Center for Urban Environmental Reform
Environmental Justice Comic Book: Mayah's Lot
CUER is proud to announce the releaase of Mayah's Lot, our first environmental justice comic book. Community groups and schools interested in using Mayah's Lot for educational purposes should contact CUER directly at email@example.com.
In making this comic book, we had the good fortune to partner with artist Charlie Lagreca, and a great group of middle-school students at PS122Q in Astoria, Queens.
Watch the animated version!
The Center for Urban Environmental Reform (CUER) at the City University of New York School of Law was founded on the belief that environmental justice is a critical aspect of social justice and that communities are entitled to participate fully and meaningfully in environmental decisions that affect them. CUER will be a clearinghouse and focal point for the data, experts, and training needed to ensure a level playing field. The goal is to expand participation in public decision-making and to increase transparency and overall access to information in order to enhance both the legitimacy of environmental decision-making processes and the fairness of decisions reached.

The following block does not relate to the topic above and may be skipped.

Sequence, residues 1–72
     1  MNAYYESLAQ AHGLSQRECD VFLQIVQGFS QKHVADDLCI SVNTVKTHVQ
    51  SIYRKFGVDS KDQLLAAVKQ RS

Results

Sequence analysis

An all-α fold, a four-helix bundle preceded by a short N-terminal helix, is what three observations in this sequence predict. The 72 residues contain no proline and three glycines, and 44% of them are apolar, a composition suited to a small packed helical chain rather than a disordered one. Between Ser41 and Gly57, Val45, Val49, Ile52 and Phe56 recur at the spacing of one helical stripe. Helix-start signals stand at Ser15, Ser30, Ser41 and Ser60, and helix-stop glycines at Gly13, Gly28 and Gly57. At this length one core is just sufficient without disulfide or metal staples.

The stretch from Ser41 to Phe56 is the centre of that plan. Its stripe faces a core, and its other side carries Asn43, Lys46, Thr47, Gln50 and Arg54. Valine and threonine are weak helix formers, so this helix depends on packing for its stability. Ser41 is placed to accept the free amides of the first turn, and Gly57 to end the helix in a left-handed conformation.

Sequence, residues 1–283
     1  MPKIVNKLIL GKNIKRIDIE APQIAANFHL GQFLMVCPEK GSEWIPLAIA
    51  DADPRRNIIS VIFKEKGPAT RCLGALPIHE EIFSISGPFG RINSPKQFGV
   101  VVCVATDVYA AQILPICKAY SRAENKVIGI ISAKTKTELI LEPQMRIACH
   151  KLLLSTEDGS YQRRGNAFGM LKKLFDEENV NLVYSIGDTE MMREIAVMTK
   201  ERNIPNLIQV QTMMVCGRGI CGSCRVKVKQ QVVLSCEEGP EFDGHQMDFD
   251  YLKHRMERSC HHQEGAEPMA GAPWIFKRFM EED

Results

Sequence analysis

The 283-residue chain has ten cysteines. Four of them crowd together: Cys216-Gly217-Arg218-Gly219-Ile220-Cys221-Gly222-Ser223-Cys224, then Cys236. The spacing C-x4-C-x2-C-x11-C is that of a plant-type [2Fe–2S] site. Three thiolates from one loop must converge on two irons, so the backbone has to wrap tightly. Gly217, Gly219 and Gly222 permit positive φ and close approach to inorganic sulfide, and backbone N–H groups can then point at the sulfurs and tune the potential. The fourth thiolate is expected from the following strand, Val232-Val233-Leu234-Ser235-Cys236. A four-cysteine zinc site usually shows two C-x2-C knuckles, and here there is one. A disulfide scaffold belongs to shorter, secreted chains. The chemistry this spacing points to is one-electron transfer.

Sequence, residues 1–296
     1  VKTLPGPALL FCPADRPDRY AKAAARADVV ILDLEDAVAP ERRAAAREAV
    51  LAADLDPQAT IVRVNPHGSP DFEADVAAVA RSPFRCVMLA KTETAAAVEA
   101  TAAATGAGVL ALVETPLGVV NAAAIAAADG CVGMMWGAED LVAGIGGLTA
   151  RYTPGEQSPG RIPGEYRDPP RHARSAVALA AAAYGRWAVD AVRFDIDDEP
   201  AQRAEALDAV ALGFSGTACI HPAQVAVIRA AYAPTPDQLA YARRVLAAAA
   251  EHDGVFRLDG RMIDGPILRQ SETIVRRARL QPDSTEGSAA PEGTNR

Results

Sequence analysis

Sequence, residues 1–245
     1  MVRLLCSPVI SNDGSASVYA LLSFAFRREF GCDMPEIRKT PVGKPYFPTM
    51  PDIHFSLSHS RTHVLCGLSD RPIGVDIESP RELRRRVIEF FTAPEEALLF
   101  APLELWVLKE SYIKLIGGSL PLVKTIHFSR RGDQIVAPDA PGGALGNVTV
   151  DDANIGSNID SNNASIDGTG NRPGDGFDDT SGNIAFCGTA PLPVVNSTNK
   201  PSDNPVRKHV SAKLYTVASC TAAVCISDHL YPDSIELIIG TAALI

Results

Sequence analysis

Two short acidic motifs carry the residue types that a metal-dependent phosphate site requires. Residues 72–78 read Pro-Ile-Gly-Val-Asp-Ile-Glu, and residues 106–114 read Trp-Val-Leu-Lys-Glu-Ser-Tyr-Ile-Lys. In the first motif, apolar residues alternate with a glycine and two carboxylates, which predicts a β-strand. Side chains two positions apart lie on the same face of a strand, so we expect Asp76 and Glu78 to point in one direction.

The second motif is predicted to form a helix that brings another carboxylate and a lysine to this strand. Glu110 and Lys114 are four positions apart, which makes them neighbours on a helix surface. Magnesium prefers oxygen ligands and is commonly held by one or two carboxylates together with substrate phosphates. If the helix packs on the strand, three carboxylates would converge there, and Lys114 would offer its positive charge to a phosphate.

Numerous environmental laws require consultation and local consent before certain activities can proceed. The National Environmental Policy Act itself specifically states that its purpose is to "insure that environmental information is available to public officials and citizens before decisions are made and before action is taken." Yet, the reality of environmental racism highlights the widespread failure to include diverse voices across a wide swath of regulatory decision-making. CUER's mission is to foster equal environmental citizenship, in both New York City, and the wider world.
To that end, CUER provides resources for community groups wanting to obtain full and meaningful participation in environmental decision-making. The Center also produces scholarly research to influence an ongoing theoretical discourse about urban environmental justice and participatory democracy; and then converts that research into policy tools useful to planners, policymakers and advocates, including grassroots community-groups. The Center will publicize on-going environmental decision-making processes to ensure that communities know what is happening or is being considered, and will focus on developing training workshops, on-line tutorials, and sample documents to facilitate wider and more effective participation in those decision processes.